TWIN FALLS — Solar panels could soon make less financial sense for Idaho homeowners.
A settlement between Idaho Power and a handful of parties, including the Sierra Club and the Idaho Clean Energy Association, would pay solar panel owners less for generated electricity if approved by the Idaho Public Utilities Commission.
Mitch Workman is a marketing manager for Big Dog Solar. The company installs panels throughout Idaho, including the Magic Valley. He said that the new agreement outlined in the settlement doesn’t worry him too much, but it could cause some hardships. Roughly 90-95% of Big Dog Solar’s Magic Valley clients are residential homeowners.
“It’s certainly going to make (solar panels) less feasible for some customers,” Workman said.
Solar panels are an expensive, long-term investment. People often painstakingly calculate the pros and cons before buying them, and for most, the payoff doesn’t come until years down the road.
Panels would take even longer to pay off if the Idaho Public Utilities Commission adopts the proposed new rules.
There are a few primary changes outlined in the settlement. The first — and possibly most important change — is a switch from monthly to hourly metering. With monthly metering, homeowners can build up energy credits for all the electricity they produce, but don’t use, throughout the course of a month. Hourly metering means that a customer can't use the credits she builds up during a sunny day during the night.
Hourly metering also makes it difficult for solar panel installers to estimate savings for would-be solar panel buyers.
The new rules would also reduce the value of customer-generated credits. Today, panel owners who produce more energy than they use can sell that energy to Idaho Power. They’re credited for that power at the retail rate — which means that customer-generated electricity is just as valuable as Idaho Power’s electricity.
Also, as written, no one who purchased their panels under the current rules would be grandfathered. Instead, the settlement presents a plan for reducing the credit rate during an eight-year period. By 2028, panel owners would only be credited at roughly half the retail rate. Whether or not existing panel owners are grandfathered will be determined by the Idaho Public Utilities Commission.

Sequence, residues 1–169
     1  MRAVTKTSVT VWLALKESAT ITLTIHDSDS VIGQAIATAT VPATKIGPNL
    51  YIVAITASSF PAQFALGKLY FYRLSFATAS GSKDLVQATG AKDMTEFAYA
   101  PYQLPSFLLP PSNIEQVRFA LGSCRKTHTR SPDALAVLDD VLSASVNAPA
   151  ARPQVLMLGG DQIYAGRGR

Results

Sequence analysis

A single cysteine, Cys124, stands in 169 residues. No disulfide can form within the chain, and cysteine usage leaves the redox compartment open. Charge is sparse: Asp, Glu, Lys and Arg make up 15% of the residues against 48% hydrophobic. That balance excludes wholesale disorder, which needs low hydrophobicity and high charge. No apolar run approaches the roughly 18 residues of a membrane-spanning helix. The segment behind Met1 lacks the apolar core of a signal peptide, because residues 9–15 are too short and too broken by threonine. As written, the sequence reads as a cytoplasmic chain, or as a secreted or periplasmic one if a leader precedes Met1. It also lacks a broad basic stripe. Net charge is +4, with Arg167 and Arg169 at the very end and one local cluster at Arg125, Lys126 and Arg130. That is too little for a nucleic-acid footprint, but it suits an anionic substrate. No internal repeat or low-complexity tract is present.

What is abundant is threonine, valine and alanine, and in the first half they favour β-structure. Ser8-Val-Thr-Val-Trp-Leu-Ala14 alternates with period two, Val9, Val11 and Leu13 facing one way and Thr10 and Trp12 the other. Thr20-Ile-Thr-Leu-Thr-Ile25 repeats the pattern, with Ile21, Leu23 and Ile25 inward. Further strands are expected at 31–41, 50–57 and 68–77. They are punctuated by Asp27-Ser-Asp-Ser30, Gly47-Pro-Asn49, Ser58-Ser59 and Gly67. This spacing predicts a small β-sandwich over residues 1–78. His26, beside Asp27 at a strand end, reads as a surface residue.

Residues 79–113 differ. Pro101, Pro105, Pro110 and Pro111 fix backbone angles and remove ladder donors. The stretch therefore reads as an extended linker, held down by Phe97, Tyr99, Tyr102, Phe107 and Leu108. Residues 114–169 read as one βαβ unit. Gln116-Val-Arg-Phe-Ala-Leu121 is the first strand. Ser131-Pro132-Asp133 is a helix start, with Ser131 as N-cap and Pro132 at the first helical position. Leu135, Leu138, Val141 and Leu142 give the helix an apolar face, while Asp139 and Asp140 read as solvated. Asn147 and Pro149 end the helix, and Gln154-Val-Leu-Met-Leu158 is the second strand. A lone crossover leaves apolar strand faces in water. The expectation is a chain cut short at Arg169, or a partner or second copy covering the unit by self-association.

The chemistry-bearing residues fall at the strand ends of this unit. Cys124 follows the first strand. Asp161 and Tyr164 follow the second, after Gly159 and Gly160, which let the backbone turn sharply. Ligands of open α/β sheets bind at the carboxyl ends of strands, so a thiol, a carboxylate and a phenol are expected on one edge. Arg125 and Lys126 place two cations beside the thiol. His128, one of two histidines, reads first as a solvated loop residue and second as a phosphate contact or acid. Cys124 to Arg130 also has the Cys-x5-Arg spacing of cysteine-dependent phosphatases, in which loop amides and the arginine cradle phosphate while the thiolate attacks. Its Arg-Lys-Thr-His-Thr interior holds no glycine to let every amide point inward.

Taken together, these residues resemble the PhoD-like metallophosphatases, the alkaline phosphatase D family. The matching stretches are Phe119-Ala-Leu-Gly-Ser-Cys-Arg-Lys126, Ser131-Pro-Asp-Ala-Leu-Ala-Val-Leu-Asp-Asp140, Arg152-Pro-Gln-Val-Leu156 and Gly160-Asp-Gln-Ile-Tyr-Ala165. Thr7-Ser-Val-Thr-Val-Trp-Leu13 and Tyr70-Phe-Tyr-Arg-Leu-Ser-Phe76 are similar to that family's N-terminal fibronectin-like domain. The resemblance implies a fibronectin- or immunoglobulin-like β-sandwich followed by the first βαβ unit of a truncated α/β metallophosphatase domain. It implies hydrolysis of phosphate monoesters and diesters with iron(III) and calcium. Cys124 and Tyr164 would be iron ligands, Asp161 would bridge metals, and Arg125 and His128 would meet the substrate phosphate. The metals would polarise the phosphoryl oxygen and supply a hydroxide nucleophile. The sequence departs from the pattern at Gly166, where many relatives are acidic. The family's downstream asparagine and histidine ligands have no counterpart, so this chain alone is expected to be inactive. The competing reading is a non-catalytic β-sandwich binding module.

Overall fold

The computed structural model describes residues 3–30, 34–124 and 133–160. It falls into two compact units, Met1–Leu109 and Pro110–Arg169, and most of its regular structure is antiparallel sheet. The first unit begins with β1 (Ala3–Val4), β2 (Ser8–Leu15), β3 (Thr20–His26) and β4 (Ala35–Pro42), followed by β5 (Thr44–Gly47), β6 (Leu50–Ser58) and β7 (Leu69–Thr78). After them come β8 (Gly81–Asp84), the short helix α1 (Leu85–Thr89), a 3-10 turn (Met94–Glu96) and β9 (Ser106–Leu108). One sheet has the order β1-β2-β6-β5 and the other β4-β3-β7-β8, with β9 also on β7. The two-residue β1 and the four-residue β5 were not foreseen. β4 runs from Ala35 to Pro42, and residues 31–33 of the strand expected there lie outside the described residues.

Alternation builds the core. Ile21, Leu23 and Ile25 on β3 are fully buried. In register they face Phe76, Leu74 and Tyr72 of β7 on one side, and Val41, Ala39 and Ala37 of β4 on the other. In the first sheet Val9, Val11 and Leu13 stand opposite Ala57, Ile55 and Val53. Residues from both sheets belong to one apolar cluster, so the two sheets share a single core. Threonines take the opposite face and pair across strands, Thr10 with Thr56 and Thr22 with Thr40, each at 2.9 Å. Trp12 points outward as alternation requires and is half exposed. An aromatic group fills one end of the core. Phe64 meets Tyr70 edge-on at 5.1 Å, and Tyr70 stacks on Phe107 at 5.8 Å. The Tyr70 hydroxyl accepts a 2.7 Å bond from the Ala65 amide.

Idaho Power Communications Specialist Jordan Rodriguez said that the changes will make customer generation more fair. Customers without panels are effectively subsidizing those with panels, he said. That becomes a problem as more homeowners buy solar.
“If it continues to grow and more and more people are doing it (putting panels on their homes), the cost shifts become more severe,” Rodriguez said. “It’s just a matter of getting it right with the pricing.”
Customer generation has exploded in recent years. Federal tax credits made solar panels far more affordable, and a glut of cheap panels manufactured in China dropped prices, too.
That has led to more jobs in solar energy. Workman said Big Dog Solar had two installation crews four years ago. Now the company has 10 crews, including six in Idaho.
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“We’ve just continued to see more and more growth,” he said.
Joey Richardson of the Buhl-based solar installer Gietzen Solar said that solar has been going strong for the past seven years. But he anticipates some awkward phone calls if the Idaho Public Utilities Commission approves the proposal without any changes.
“Solar is a tough enough sell in Idaho as it is,” he said.
Like Workman, Richardson said he doesn’t think the changes would be too debilitating.
“It’s just going to force installers to get more creative,” he said.
Unfair to current panel owners?
The Idaho Conservation League did not join the settlement, believing that it will have too many negative impacts on customers.
Ben Otto, an energy associate at the Idaho Conservation League, said the proposed changes in the settlement aren’t fair for Idaho Power’s customers.
“This change could drop the value of some systems by 50%,” Otto said.
People who purchased their panels under Idaho Power’s current customer generation rules should be grandfathered, he said, adding that there are roughly 4,000 Idaho families that own solar panels and could lose thousands of dollars on the lives of their panels.
Idaho Power has publicly stated it plans on having 100% clean energy by 2045. Otto said he supports that goal, but making solar less attractive is an odd way to go about achieving it.
Rodriguez noted that customer generation isn't part of Idaho Power's energy mix, and therefore doesn't have a big role to play as the company shifts away from coal and gas-generated energy.
Both Richardson and Workman emphasized that even if the Idaho Public Utilities Commission makes no changes to the settlement, it’s not the end of the world for installers. Richardson even noted that it could open up more opportunities for battery storage.
“People want solar no matter what,” he said. “We just have to adapt.”
The Idaho Public Utilities Commission is accepting comments on the proposal until Dec. 3. Information can be found at puc.idaho.gov under docket number IPC-E-18-15. Public hearings will begin Dec. 2 and 3, one by phone and one in Boise.